Wabakimi Provincial Park © Kieran McMullen
Ontario’s northern forests and wetlands – spanning 70 million hectares – provide us with many crucial ecosystem services, such as carbon storage and climate regulation.
Since 1970, minimum temperatures have risen by 2.6°C in northern Ontario (and by 1.4°C in southern Ontario), and now pose a serious threat to biodiversity and human well-being. Many species, including moose, migratory birds and cold-water fish are already experiencing negative impacts.
Protected Areas as Climate Action
The latest Intergovernmental Panel on Climate Change (IPCC) report warns that immediate action is needed to limit global warming. One way to tackle climate change and biodiversity loss is through the protection of natural areas, as nature-based solutions to climate change. As part of the 2030 Emissions Reduction Plan, the federal government has recently committed to investing in these solutions, particularly to conserve wetlands and peatlands to store and capture carbon.
Canada has also committed to protecting 25% of lands and waters by 2025, and 30% by 2030. Around 13.5% of Canada’s land mass and freshwater are protected, and about 10.7% is protected in Ontario.
FSC Designated Conservation Lands
An important opportunity for increasing protected areas with potential climate co-benefits is through the permanent protection of Forest Stewardship Council (FSC) designated conservation lands. FSC requires FSC-certified forestry companies to identify 10% of their managed forests for protection (in regulated protected areas that are recognized by governments and/or designated conservation lands that are voluntarily set aside by forestry companies). They are required to work within their “sphere of influence” (e.g., relationships with governments) to seek permanent protection of the designated conservation lands.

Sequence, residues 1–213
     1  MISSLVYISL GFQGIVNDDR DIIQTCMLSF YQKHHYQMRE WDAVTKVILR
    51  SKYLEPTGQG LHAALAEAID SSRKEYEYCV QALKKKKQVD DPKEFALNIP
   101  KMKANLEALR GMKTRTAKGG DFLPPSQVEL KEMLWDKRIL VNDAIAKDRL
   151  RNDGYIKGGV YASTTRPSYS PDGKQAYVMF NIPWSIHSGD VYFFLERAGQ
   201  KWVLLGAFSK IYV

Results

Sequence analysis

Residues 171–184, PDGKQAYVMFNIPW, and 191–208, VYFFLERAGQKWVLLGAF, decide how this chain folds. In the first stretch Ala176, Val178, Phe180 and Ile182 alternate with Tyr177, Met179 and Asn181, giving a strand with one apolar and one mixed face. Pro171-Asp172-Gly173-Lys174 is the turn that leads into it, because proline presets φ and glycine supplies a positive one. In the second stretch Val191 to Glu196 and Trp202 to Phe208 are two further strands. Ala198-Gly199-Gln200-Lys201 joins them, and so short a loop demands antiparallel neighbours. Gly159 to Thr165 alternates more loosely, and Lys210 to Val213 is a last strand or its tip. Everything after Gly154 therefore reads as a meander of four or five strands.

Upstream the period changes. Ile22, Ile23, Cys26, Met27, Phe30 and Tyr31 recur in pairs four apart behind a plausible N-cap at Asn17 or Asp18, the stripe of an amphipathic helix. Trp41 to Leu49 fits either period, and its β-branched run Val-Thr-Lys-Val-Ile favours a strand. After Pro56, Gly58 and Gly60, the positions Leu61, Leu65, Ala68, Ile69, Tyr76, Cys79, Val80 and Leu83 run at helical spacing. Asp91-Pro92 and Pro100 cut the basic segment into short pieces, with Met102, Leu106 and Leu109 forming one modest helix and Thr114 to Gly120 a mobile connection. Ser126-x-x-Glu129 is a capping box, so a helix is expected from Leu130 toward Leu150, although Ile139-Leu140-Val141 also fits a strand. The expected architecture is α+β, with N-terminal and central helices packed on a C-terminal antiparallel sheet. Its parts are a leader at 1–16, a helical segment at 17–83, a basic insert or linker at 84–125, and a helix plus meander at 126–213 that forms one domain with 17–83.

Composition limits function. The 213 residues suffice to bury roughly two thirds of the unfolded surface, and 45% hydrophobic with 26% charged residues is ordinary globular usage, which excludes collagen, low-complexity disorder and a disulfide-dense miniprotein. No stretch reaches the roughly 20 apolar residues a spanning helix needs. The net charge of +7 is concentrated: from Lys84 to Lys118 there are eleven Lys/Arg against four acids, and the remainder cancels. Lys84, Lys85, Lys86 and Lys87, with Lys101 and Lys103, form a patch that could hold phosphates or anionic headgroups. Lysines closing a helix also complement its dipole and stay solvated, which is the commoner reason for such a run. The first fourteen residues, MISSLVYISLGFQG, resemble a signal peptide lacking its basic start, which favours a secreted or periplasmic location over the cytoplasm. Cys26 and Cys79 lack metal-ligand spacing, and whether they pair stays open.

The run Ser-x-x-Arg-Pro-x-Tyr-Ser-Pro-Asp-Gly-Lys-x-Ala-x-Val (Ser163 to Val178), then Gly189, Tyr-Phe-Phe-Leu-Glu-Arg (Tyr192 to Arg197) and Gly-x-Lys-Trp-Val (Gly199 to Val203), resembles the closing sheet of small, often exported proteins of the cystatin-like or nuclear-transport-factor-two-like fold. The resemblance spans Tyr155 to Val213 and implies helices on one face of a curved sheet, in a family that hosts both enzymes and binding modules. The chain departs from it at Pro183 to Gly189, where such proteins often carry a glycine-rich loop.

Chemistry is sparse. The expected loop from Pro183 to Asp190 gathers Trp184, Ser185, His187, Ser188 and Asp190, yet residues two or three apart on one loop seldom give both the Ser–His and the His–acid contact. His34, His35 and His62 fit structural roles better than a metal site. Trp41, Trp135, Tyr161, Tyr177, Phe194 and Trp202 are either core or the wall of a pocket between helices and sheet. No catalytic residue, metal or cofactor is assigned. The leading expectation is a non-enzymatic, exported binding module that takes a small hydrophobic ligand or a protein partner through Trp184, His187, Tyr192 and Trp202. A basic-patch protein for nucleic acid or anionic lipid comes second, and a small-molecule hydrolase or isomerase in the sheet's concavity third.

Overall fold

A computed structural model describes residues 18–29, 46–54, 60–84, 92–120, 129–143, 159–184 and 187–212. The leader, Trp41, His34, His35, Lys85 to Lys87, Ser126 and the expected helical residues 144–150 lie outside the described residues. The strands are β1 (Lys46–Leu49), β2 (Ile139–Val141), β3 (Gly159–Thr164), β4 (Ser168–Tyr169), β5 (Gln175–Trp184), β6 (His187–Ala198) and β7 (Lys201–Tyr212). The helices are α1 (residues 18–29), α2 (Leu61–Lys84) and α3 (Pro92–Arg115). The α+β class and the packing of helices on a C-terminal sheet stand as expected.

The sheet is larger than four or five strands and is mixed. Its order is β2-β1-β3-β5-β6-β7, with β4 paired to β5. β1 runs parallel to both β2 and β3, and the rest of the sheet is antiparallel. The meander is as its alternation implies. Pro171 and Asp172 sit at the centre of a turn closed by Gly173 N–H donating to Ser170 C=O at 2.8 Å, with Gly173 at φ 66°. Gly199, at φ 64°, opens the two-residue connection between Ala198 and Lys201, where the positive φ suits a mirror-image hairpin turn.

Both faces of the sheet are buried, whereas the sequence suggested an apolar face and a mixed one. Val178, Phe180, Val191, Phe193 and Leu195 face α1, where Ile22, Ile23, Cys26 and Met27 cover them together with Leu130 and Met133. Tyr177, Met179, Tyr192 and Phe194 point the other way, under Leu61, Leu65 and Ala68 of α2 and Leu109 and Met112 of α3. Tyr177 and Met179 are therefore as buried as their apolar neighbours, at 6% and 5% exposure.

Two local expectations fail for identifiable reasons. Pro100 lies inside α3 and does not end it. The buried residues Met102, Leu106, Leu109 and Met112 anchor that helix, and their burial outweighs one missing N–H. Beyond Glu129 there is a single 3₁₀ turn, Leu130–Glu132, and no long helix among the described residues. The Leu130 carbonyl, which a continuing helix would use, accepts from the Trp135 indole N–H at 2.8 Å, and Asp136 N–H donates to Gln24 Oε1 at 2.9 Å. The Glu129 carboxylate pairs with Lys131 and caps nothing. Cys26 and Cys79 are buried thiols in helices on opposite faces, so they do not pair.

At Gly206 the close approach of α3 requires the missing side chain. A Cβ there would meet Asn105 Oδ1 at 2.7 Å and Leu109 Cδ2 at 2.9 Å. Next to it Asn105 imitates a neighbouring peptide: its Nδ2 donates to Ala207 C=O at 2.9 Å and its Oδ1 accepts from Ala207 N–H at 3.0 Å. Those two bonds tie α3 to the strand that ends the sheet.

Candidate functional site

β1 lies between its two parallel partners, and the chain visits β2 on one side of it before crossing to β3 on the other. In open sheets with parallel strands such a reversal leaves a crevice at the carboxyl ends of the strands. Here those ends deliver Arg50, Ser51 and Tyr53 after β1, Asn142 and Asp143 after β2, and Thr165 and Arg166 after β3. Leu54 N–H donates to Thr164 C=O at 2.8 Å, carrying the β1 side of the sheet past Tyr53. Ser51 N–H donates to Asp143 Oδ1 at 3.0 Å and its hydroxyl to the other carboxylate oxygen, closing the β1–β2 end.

There are over 147 designated conservation lands that have been identified through FSC certification in Ontario, which span more than 1 million hectares.
What Are We Doing
- Exploring accessible and credible tools and approaches to assessing carbon storage in areas of conservation interest, including FSC designated conservation lands and other candidate protected areas. This work will help to ensure forests protect wildlife habitat, and store carbon while continuing to provide benefits to local communities.
- Working with Indigenous and conservation partners to explore what Free, Prior and Informed Consent and Land Back means for our conservation work. The Conservation through Reconciliation Partnership co-hosted a Land Back webinar with David Suzuki Foundation, Ontario Nature, and Decolonizing Water. We discussed how to support just and ecologically healthy futures when relationships are redefined and Indigenous sovereignty, rights, and responsibilities are respected.